Cheeses made from fresh sheep and goat's milk, like ricotta and the traditional casu ajedu, contain high doses of the lactobacillus bacteria which has been shown to boost digestive, genital and urinary health and are thought to play a key role in maintaining pensioners vitality.

The area's local wine is also thought to be something of an elixir.

The rustic, ruby-red Canonnau, which is knocked back with every lunch and dinner, is high in antioxidant compounds which help slow the aging process.

Does Cannonau red wine hold the secret? Photo: Marco Mancuso/Flickr

Due to a swathe of recent publicity, the global demand for these foods has skyrocketed, so much so that a mayor in the blue-zone town of Gavoi is hoping it can strengthen the regional economy.

“If the interest and demand continues, we should be able to move away from industrial projects and base our economy around exporting our traditional food and drink," mayor Giovanni Cagusi told The Local.

While the prospect of eating more Sardinian food in order to live longer sounds tantalizing, diet is just one of the lifestyle factors thought to drive the phenomenon.

“How we treat our elderly is probably as important as diet in accounting for why we live longer,” Cagusi added. “In our town of 2,700 people everybody knows each other and family ties are very strong.”

Close family bonds mean that the elderly are lovingly looked after and respected by their nearest and dearest, a fact scientists think could add between four and six years onto their lives.

Story continues below…

“In Sardinia - and this is true across much of Italy - there is a sort of cult surrounding the elderly,” explained Pes.

“The generous affection and care they get from loved ones has been shown to protect against age-related diseases and slow cognitive degeneration. People who live alone beyond the age of 80 have a much shorter life expectancy than those who have close family ties.”

But Pes warned that blue zones are not fixed. As the forces of globalization arrive to even the remotest corners of rural Italy, the lifestyle changes they bring risk sweeping the clusters of super centenarians away.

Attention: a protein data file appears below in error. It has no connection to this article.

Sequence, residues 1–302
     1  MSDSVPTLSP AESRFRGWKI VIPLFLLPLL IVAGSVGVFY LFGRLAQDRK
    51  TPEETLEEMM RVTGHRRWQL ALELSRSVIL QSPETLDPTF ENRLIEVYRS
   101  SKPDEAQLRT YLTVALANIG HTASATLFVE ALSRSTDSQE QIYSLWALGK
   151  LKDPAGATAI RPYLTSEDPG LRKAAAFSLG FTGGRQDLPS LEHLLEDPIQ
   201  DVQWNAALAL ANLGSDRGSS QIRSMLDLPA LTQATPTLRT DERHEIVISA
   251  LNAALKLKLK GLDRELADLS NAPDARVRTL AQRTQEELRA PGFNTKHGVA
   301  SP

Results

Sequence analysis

“We are already beginning to see the incidences of centenarians fall in Okinawa as modern lifestyle habits arrive. We haven't seen this in Sardinia yet, but we need to remember that blue zones are not static.”

In fact, people are now trying to use Sardinia as a blueprint for creating new blue zones around the world.

Last year, the Texan town of Fort Worth invested $50 million in a 'blue zones' scheme, set up by American journalist Dan Buettner. The programme will see the local council encourage residents to adopt a more 'Sardinian' lifestyle in a bid to boost citizens' health.

In the end, the science of living to 100 is complex and there are no guarantees, but the simple way of life in Sardinia and other parts of rural Italy could hold the key. 

At the very least, the science provides us with a perfect excuse to dust off our cheese-boards, crack open a bottle of Cannonau and sit down with our elderly relatives.

Share this article

From our sponsors

Last chance to vote absentee in the US elections

Election Day in the U.S. is less than a month away, and time is running out for Americans living overseas to vote absentee. Here's what to do before it’s too late.


Popular articles